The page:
Sunday, March 26, 2017

Optional finishing for Brightmeadow's Tea Cozy

So after publishing my tea cozy pattern yesterday (here's a picture of the result)


I reviewed some other tea cozies that were "traditional British" style, and the thing I noticed the most was that the colored ridges appear to be pleated, and the stripes appear to be done in garter stitch plus fairisle.   The pleasing style is epitomized by Sarah Neal on her Ravelry pattern.  The pattern I created yesterday was NOT pleated and NOT garter stitch.  I will not be able to achieve the garter stitch look without hand-reforming stitches.  This would take longer than knitting it by hand in the first place!

But the pleating!  In hand knitting, the knitter pulls the float tight as the colors are exchanged, during the knitting, to achieve the pleated look.  This is not possible on the machine, because adjusting the tension would adjust it for both the stitches and the floats.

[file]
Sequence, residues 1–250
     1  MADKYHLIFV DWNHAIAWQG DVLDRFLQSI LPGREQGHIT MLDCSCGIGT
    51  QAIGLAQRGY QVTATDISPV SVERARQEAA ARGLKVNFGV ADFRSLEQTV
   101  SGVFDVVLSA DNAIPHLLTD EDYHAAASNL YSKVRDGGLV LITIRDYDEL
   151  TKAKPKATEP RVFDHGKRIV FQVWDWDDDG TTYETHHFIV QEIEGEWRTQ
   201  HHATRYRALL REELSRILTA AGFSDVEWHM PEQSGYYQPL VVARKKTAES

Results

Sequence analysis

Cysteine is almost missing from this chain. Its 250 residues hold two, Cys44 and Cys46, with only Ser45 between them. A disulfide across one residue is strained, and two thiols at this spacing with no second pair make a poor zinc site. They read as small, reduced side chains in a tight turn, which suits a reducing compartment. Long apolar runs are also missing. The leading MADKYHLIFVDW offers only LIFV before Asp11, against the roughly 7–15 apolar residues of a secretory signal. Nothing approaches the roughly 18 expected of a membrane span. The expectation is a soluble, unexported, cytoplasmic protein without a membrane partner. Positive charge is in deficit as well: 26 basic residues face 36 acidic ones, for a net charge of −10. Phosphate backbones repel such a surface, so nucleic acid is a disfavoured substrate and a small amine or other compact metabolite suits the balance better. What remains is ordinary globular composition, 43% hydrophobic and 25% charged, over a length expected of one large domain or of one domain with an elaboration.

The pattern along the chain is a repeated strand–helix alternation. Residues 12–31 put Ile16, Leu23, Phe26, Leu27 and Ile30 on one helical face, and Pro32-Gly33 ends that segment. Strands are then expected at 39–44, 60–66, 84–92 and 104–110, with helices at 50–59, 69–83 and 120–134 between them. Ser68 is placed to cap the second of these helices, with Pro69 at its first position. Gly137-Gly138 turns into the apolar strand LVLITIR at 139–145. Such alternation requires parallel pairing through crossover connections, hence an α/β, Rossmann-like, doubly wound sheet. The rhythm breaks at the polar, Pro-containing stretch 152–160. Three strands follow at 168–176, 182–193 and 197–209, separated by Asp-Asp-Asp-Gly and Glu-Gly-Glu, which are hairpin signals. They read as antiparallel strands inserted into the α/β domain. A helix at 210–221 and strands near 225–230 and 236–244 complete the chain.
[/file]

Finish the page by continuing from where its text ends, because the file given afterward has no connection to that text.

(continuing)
But I realized last night that I could tighten the floats after the fact to achieve the pleated effect, by latching them up. Since I didn't like the effect of the bottom border, I started the latch up by selecting one of the cast-on stitches and latching up the entire column of floats.


When I got to the top, I let the loop hang and pulled it through a stitch to it's left. 
This step could be avoided by doing the latch up with the cozy still on the machine, just hang the top stitch on the open needle. 

I like the effect, it neatens up the tea cozy and adds to its insulation value by providing extra thickness.  The pleated effect is much more apparent now, and the bottom edge looks neater.  It is a bit smaller and had to stretch a little more to get around the teapot, so I think if I make it again I will add another 8 stitches (cast on 46-0-46) to give it more room.


Because of the additional stretch factor, the opening for the handle is now a large gap.   Sp I will probably add a button, hook and eye,  or Velco tab to latch it closed.





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